Decided: November 8, 1954.
JOHN T. BRAY, PLAINTIFF-RESPONDENT,
JAMES A. GROSS, DEFENDANT-APPELLANT, AND HAYWARD T. SOCKRITER AND VICTOR LYNN LINES, INC., DEFENDANTS-RESPONDENTS, CONSOLIDATED WITH VICTOR LYNN LINES, INC., A CORPORATION, PLAINTIFF-RESPONDENT, V. FANNIE W. GROSS AND JAMES A. GROSS, DEFENDANTS-APPELLANTS, AND JOHN T. BRAY, DEFENDANT-RESPONDENT
On appeal from the Superior Court, Law Division.
For affirmance -- Chief Justice Vanderbilt, and Justices Wachenfeld, Burling, Jacobs and Brennan. For reversal -- Justices Heher and Oliphant. The opinion of the court was delivered by Wachenfeld, J.
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The inquiry here is a novel one revolving around the application of the recently enacted Joint Tortfeasors Contribution Law, L. 1952, c. 335, N.J.S. 2 A:53 A -1 et seq.
Two actions were instituted arising out of a single highway accident in which a tractor-trailer and two automobiles were involved. They were consolidated for trial.
In the first, Victor Lynn Lines, Inc., owner of the truck, sued John T. Bray, owner and operator of one of the automobiles, and James A. Gross, driver of the other car, joining also as a defendant Gross' wife, owner of the car he drove and an occupant of it at the time of the accident. In the
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second, Bray sued Victor Lynn Lines, its driver, Hayward T. Sockriter, and Gross. Gross sought no relief by way of counter-claim or cross-claim against either plaintiff or defendant. At the close of the plaintiff's case in the first suit, the defendant Bray moved to dismiss Victor Lynn Lines' complaint as to him and the plaintiff assented.
The converse occurred on the completion of the plaintiff's case in the second action. Victor Lynn Lines moved for a dismissal of Bray's suit against it and its driver, over the mild protest of the plaintiff. The attorney for the defendant Gross, who even doubted his right to address the court because he represented neither of the parties involved in the motion, suggested that testimony still to come might show negligence on the part of the truck driver, but the court nevertheless granted the motion. Nothing had been called to the court's notice up to this time of a possible right of contribution between the co-defendants in the suit brought against them by Bray.
The trial proceeded with Gross the sole defendant in the Bray action and Gross and his wife the only defendants in the Victor Lynn Lines action. When all the testimony had been submitted and before the cases were to be submitted to the jury, Gross' attorney moved to vacate the order of dismissal of the complaint by Bray against Victor Lynn Lines, Inc., and its driver Sockriter, alluding for the first time to the possible right of contribution Gross might have against his co-defendant in the action under the Joint Tortfeasors Contribution Law.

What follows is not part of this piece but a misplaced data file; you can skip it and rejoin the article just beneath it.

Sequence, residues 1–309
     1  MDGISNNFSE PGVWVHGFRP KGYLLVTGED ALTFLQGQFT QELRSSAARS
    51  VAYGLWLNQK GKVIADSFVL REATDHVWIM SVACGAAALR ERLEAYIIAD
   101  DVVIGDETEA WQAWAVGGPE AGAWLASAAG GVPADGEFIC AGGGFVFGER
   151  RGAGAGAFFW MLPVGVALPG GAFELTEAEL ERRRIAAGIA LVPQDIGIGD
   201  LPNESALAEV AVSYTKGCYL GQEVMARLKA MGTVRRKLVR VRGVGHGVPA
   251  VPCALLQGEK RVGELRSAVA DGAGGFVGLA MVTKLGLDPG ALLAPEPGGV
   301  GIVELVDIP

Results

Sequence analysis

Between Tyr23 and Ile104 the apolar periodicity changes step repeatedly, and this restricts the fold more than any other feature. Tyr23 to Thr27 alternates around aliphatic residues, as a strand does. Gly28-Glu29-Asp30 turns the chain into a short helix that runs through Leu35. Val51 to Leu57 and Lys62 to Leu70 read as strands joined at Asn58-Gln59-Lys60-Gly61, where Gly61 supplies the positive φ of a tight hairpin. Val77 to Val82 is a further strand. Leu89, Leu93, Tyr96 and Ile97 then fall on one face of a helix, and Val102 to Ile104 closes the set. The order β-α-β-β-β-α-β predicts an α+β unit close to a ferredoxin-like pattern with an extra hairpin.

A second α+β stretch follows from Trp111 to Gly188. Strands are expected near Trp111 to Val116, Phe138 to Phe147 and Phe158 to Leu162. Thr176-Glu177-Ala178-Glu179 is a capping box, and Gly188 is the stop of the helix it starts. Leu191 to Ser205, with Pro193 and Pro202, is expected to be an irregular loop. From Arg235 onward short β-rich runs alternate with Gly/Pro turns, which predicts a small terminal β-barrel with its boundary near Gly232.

The motion was denied, although the court commented that had the contribution aspect of the matter been brought to its attention in the first instance, it would have granted the dismissal without prejudice and so would modify its order to that extent, no objection being interposed by counsel for Victor Lynn Lines and Sockriter.
The jury returned verdicts of $7,500 for Bray and $2,242.22 for Victor Lynn Lines, and judgments were entered accordingly. The appeal in both actions to the Appellate Division is brought here by certification on our own motion.
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The appellant contends there was error because the dismissal of Bray's action against the trucking company occurred before he, Gross, had the opportunity to prove the "tort feasorship" of his co-defendant and so establish his claim to contribution.
Prior to the recent enactment of the contribution statute, we adhered to the common law rule of no contribution between joint tortfeasors. Malinauskas v. Public Service Interstate Transp. Co., 6 N.J. 269 (1951). A joint tortfeasor was not liable to defendant and could not be joined as a third-party defendant. Douglas v. Sheridan, 26 N.J. Super. 544 (Law Div. 1953).
Under the act, a joint judgment is not a necessary prerequisite to the right of contribution. The liability of a third party may be determined in a separate suit for contribution after judgment in the basic action has been entered and paid. Sattelberger v. Telep, 14 N.J. 353 (1954). To avoid multiplicity of action, however, the defendant does have the right, under R.R. 4:14-1, formerly Rule 3:14-1, on motion granted, to bring in a third-party defendant "who is or may be liable to him for all or part of the plaintiff's claim against him." The granting or denial of such a motion is largely discretionary with the trial court. Reinhardt v. Passaic-Clifton Nat'l Bank, 16 N.J. Super. 430 (App. Div. 1951), affirmed 9 N.J. 607 (1952).
The precise point raised on the instant appeal has not been adjudicated in our jurisdiction, but one phase of the problem has already been passed upon in Sattelberger v. Telep, supra. There Telep had been brought in as a third-party defendant in a negligence suit by one Ierly against Sattelberger. The amended complaint alleged no negligent acts against Telep and was, as to him, subsequently dismissed. Judgment was entered against Sattelberger alone and he thereafter sued Telep for a pro rata contribution.